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"I couldn't do anything. It was debilitating." David McCallum doesn't mince his words.
Several years after having two stents inserted, the Scarborough resident's heart was in trouble again.
"I got an angiogram and it showed the aortic valve was defective," he says. "Walking down to the basement and coming back upstairs was difficult. It lasted for months."
McCallum's only option was a TAVI, or transcatheter aortic valve implantation procedure.
TAVIs are performed on patients suffering from severe aortic stenosis. This condition occurs when the heart's aortic valve is prevented from opening completely. The narrowing of the aortic valve prevents blood flow from the heart to the rest of the body. It results in the heart working harder to pump blood, which could lead to a host of serious heart conditions and, in the worst cases, death.
First procedure done in January
As the site where TAVI in Ontario was born in 2007, the Peter Munk Cardiac Centre has taken the minimally-invasive operation to new heights.
Until recently, patients undergoing a TAVI procedure at Canada's premier cardiac centre would be put under general anaesthesia. All of that changed on January 16, 2015.
That's the day David McCallum made history. The 87-year-old became the first patient in Ontario to undergo a TAVI procedure – awake – with no anaesthesia.
"There has been a lot of evolution in this procedure, and we've gained a tremendous amount of experience in performing this procedure," says Dr. Eric Horlick, Cardiologist and Director of the Adult Structural Heart Disease Program at the Peter Munk Cardiac Centre.
Dr. Horlick was part of the medical team that led the first awake TAVI, as it has been dubbed. "For us it was just a natural evolution to proceed to doing these types of procedures without a general anaesthetic," he says.
Faster recovery, earlier discharge
"When Dr. Horlick asked me what I expected from the operation, I said, 'I expect to come out the other end,'" quips McCallum, who never for a second questioned the idea of having the procedure without anaesthesia. "You put yourself in a man's hands who knows what he's doing. I said, 'go ahead, mate. Do your best,'" smiles McCallum.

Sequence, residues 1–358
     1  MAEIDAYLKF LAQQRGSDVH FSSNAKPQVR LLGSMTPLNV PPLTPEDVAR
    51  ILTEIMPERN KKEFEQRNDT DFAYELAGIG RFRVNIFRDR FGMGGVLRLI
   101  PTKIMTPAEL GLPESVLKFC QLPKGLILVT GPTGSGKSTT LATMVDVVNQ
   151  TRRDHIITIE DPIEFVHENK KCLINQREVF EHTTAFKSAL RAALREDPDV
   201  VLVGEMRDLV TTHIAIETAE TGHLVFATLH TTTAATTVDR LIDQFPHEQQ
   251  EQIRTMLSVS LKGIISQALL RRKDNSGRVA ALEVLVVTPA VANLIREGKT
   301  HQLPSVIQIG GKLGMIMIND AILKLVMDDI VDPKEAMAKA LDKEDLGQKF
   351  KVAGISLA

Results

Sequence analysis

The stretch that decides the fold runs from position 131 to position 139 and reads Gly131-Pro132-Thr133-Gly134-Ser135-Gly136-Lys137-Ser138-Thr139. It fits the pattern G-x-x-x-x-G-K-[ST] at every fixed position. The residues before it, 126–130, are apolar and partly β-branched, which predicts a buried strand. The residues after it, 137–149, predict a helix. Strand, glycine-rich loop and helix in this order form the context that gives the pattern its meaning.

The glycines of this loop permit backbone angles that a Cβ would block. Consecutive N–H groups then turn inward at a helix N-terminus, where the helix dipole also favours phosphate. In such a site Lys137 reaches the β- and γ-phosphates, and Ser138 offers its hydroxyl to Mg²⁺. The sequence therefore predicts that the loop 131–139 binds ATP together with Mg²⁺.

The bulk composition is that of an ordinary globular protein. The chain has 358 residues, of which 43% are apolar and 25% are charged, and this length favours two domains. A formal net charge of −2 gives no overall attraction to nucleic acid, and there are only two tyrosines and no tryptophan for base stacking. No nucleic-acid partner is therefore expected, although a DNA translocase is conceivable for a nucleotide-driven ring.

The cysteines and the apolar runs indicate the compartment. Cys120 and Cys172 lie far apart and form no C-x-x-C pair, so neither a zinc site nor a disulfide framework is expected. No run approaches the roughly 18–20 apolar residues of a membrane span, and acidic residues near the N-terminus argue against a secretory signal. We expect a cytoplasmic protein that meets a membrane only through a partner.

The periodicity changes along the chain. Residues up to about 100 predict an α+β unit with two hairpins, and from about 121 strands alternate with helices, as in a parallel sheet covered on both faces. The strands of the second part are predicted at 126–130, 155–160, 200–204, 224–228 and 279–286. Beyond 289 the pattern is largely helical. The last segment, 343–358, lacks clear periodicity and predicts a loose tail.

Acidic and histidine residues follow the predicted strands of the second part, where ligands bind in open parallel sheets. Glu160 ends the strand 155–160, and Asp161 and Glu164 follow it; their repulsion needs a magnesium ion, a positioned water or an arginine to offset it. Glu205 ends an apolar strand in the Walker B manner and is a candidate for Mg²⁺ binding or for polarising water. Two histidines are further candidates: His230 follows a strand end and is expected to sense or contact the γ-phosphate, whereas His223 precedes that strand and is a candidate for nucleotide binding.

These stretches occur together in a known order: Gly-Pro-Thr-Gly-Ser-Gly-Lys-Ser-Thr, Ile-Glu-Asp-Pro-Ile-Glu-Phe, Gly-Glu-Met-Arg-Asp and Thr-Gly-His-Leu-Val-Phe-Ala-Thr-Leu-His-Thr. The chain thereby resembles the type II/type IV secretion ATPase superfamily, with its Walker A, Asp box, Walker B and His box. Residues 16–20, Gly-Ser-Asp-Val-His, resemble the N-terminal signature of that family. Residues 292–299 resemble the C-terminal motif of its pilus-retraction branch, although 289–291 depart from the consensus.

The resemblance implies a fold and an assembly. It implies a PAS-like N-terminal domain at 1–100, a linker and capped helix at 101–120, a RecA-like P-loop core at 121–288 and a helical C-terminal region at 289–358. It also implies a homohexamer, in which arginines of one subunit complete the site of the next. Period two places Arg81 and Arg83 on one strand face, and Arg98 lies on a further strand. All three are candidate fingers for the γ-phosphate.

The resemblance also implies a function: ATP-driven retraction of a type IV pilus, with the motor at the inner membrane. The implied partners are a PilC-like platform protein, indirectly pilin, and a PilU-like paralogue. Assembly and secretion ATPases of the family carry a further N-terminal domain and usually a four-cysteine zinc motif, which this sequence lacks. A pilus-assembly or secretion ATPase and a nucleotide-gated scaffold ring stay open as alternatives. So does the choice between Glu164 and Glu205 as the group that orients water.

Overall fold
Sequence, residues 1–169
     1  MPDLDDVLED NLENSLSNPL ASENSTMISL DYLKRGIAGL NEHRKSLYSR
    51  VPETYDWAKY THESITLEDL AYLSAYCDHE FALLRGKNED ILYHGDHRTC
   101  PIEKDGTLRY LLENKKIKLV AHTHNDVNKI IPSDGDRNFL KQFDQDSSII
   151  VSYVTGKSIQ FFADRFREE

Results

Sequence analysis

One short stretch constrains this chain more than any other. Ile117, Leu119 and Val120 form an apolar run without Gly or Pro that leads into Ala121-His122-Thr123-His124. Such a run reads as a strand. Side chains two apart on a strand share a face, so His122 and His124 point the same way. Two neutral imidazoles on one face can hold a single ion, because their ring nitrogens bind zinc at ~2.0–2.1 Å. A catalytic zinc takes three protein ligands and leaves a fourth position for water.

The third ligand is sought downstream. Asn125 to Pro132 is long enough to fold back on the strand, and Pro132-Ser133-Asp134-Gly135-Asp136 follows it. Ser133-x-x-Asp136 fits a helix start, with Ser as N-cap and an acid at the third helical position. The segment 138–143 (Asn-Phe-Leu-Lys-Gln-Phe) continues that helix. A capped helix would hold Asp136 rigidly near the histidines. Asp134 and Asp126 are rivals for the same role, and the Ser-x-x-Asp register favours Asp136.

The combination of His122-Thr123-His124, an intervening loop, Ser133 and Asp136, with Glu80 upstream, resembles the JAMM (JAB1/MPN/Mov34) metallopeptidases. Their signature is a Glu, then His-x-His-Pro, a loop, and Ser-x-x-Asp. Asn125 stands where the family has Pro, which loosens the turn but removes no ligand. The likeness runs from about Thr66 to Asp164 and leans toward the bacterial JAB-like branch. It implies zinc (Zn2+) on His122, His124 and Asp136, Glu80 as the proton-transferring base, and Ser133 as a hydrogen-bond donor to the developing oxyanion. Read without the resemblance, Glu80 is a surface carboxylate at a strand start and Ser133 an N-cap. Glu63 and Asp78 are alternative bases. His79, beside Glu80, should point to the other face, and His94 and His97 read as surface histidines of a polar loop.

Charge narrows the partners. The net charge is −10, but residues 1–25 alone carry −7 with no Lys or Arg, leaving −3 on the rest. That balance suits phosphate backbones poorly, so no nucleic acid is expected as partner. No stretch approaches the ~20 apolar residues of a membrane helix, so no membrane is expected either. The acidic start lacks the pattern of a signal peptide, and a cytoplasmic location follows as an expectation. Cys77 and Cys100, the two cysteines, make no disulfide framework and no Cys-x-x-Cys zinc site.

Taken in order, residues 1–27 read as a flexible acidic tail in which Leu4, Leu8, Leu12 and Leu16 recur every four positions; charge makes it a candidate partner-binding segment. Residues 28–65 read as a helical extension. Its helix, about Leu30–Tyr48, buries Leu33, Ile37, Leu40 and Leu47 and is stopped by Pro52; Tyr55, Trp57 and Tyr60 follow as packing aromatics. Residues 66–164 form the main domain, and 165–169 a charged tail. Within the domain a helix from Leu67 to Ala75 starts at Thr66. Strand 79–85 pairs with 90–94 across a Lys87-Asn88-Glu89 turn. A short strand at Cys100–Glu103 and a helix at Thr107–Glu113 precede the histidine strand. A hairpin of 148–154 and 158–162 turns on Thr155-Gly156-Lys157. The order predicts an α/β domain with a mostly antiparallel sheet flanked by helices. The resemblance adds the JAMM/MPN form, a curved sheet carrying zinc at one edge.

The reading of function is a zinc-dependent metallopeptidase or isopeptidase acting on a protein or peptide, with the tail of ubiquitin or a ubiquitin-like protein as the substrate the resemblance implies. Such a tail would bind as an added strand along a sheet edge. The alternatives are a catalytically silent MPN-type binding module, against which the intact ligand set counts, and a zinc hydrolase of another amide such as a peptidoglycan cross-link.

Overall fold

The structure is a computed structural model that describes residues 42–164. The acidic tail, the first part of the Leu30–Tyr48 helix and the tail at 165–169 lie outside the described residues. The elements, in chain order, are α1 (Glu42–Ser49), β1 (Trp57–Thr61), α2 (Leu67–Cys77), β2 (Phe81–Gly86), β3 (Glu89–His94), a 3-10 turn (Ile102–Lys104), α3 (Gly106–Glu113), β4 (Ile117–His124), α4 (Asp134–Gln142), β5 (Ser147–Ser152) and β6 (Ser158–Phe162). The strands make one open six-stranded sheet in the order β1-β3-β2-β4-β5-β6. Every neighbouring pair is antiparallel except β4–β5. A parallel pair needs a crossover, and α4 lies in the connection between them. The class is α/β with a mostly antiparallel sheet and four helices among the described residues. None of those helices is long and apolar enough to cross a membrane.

Dr. Chris Feindel, cardiac surgeon at the Peter Munk Cardiac Centre, adds: "eliminating the need for a general anaesthetic results in faster recovery and earlier discharge from the hospital, and this is particularly so for the sicker patients."
In just over two months, PMCC TAVI teams have performed more than a dozen "awake TAVIs." The average age of these patients was 82 years old.
"An important message would be that age is not a barrier to TAVI," says Kathy Svitak, TAVI Nurse Coordinator at the Peter Munk Cardiac Centre.
AWAKE DURING A MEDICAL PROCEDURE
Benefits of an awake TAVI:
Wheeled into the Multi-Purpose Operating Room (MPOR) where the TAVI was performed, McCallum describes what was going through his mind. "I was quite awake. I started to look around. All the equipment that was in that room, how the world has changed since I was a boy.
"I would have been dead years ago, but for modern medicine."
"It takes about 25-30 minutes," says Dr. Horlick. "No urinary catheter, no extras are required.
"We just try and get people through the procedure so that we can get them out of hospital quickly and get them back to their lives."
Dr. Feindel adds that while beneficial for a host of reasons, an awake TAVI may not always be the best option. "In the right patient, awake TAVI, or 'conscious sedation,' has very definite advantages.
"Better techniques to place the valve through a catheter without having to surgically open the artery, along with the use of newer sedating drugs which eliminate the need for a full general anaesthetic have allowed us to move forward."
"Painless, recovery was easy"
For the provinces' first awake TAVI patient, the experience ran as smoothly as possible.
"It was painless. The recovery was easy," says McCallum.
Part of the information that patients are provided prior to undergoing a TAVI is a summary of what they may encounter. It is during this session that nurse Svitak introduces patients to the new option of undergoing the procedure with only local anaesthesia – at the site in the leg where the catheter is inserted.
To date, Svitak says not one patient has declined the option of having an awake TAVI.
"I think I was damn lucky at my age," says David McCallum. "It's good for your soul to know you can survive these types of things."